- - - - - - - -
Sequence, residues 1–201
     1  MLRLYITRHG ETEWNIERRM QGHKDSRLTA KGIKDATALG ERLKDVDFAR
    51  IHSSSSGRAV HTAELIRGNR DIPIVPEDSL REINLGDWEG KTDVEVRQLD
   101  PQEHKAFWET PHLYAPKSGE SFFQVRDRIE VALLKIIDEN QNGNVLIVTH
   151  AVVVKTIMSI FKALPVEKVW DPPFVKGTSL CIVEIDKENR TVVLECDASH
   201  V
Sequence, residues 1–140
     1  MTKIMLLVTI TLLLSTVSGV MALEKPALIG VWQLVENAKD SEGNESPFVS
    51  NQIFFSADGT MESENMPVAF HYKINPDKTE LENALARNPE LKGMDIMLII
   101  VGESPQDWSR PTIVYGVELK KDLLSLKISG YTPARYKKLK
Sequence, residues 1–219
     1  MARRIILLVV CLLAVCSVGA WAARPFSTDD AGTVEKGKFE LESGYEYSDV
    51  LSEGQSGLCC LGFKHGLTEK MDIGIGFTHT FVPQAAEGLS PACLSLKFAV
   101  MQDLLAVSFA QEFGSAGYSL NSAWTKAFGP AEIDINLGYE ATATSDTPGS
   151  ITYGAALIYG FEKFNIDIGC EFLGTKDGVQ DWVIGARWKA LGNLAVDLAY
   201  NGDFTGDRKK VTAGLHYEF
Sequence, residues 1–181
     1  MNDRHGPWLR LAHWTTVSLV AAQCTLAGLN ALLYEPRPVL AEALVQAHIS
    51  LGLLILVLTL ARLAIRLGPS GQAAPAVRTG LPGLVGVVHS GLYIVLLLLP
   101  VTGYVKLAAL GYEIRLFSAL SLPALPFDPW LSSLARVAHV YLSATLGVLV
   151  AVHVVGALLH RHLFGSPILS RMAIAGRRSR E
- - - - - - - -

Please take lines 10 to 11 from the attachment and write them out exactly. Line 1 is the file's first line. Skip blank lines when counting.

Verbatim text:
   101  VGESPQDWSR PTIVYGVELK KDLLSLKISG YTPARYKKLK
Sequence, residues 1–219